Is there no standered


Jun 26, 2010
I Have been a spa owner for 3 weeks now and about to do the 1st system flush prior to the first fill on my spa, a 2 yr old sundance maxxus. I have spend countless hours trying to understand a very basic setup to maintain my own spa and the more i read the more i realize theres more ways to mess up then there is to maintain it, and that of course all depends who you talk to next. The local sundance dealer guy told me after the flush cleaning, refill and add 3 cap fulls of ph down, 1/2 a cup of baking soda and two tablets of bromine in the tablet holder near the filter and i should be good to go, 580 gals worth of good times right? Then i read posts that say you should test and add this and that while in the middle of a party or BBQ or 45 min because so many people are using the spa. Did i miss something here? It is normal on a sunday BBQ that kids and adults can spend a whole day climbing in and out of a spa at a party and you mean to tell me this water and chemicals can not withstand a full day of use without having to be testing and adding chemicals to it during the party without someone getting sick or itchy, or am i just taking it to serious. Thank you for letting me vent! I am planning to use molson example 'HOW TO USE BROMINE IN MY SPA" to start off with because it looks as he knows whats going on in his explanation. The example i have seen for testing after system flushing Decontamination steps deals with putting chlorine and see if the 10 ppm drops, if it does not your ok, but what happens after your done cleaning and all that chlorine is still there, since i want to use bromine not chlorine what issues might i have or will I or do i have to dump it and do a third refill. Well thanks ahead for any input.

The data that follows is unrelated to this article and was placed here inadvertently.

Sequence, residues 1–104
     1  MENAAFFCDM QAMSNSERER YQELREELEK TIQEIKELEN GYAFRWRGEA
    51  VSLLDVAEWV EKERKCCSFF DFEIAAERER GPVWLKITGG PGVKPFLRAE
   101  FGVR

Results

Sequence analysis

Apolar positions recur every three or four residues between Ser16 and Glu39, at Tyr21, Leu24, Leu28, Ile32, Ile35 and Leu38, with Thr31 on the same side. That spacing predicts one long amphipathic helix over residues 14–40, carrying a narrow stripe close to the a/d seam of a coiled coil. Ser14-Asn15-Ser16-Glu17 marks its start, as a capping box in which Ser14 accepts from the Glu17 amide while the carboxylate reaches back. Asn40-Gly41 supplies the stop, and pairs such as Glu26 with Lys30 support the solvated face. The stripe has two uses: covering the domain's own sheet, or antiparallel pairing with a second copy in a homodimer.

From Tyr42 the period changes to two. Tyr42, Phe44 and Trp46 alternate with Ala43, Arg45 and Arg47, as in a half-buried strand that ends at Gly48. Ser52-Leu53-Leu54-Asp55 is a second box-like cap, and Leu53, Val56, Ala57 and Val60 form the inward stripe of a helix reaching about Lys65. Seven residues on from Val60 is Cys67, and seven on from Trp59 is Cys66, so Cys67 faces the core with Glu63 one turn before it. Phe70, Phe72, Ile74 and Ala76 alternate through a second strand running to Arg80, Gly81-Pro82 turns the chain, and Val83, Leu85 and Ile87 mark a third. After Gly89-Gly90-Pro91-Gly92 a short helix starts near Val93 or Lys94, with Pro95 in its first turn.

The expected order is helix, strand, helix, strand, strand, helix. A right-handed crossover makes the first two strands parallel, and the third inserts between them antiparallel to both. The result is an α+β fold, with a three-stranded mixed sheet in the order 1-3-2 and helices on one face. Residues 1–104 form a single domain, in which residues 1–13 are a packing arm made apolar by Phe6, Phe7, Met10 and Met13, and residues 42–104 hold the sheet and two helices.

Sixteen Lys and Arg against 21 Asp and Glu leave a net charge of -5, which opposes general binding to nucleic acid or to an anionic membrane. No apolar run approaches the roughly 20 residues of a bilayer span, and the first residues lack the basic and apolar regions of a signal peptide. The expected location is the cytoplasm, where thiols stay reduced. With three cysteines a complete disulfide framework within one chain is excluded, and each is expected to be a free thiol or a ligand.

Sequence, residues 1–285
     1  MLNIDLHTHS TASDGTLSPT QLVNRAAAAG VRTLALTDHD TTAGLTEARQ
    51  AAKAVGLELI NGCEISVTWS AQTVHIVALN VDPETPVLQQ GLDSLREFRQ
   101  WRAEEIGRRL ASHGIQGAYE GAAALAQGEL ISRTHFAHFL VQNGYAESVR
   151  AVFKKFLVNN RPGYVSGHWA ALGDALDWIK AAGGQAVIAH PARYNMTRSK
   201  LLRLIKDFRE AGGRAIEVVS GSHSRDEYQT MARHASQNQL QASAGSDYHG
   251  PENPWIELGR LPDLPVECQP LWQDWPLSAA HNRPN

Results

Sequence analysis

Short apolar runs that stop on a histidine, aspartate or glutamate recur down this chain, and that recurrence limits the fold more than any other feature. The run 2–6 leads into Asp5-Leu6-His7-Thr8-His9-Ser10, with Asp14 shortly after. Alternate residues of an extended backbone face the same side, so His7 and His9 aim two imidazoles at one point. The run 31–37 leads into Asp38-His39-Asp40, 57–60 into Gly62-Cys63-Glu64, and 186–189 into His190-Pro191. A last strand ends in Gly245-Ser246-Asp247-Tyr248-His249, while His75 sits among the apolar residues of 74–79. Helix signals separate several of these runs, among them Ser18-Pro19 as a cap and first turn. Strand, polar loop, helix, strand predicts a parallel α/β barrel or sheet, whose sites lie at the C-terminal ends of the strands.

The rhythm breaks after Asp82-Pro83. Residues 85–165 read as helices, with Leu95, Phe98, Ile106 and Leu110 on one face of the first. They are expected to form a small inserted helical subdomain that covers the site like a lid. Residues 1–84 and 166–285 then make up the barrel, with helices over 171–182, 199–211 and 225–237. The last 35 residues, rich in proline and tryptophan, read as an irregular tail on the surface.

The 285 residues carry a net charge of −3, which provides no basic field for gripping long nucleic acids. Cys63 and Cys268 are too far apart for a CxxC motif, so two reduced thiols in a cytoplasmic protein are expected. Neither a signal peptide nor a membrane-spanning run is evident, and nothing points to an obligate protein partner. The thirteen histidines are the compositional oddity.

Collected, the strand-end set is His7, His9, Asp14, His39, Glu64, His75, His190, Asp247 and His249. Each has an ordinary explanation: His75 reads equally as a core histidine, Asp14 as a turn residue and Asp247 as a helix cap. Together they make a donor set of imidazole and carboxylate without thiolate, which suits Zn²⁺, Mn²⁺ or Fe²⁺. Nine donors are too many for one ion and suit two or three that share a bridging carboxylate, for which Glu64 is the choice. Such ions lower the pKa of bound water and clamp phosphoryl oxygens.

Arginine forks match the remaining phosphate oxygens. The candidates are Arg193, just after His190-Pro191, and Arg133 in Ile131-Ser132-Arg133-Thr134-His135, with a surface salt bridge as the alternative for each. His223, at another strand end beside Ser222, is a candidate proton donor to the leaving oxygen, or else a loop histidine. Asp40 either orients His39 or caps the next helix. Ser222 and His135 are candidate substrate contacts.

chem geek

TFP Expert
LifeTime Supporter
Mar 28, 2007
San Rafael, CA USA
Welcome to TFP! :-D

There are two articles you should read: Using Bromine in a Spa and Using Chlorine in a Spa. Using a product such as Spa System Flush for a new spa is essential to remove biofilms though superchlorinating at very high levels (around 100 ppm) can also be effective.

Spas are much lower in water volume than pools so the bather load is much higher than in a residential pool. At hot spa temperatures (104ºF) one sweats a lot and one's sweat and urine as well as dead skin and body oils creates a fairly high oxidizer demand. A rough rule-of-thumb is that every person-hour of soaking in a hot spa requires around 3-1/2 teaspoons of Dichlor or 5 fluid ounces of 6% bleach or 7 teaspoons of non-chlorine shock (43% MPS). This rule-of-thumb assumes you do not have an ozonator. With an ozonator, the amounts needed are roughly cut in half (usually). If you are using bromine, then the bromine tablets are just there to maintain a consistent sanitizer level when not soaking in the tub. You should create a bromide bank (by adding sodium bromide initially) and use an oxidizer such as Dichlor, bleach, or MPS to create more bromine to oxidize the bather waste after a soak.

Many people do not like to have higher sanitizer levels during their soak since the smell can be annoying to them so most people add the sanitizer/oxidizer after their soak in sufficient quantity such that they measure a residual by the next time they soak. If you are only soaking for an hour, then this is probably OK since any bacteria you shed won't reproduce very much and the high level of sanitizer added after the soak should kill anything at that point (assuming you are using enough). If you have a long party, however, then it would be better to add more oxidizer periodically to keep up with the bather load (or you could add a lot up-front, but people may not like it during their soak).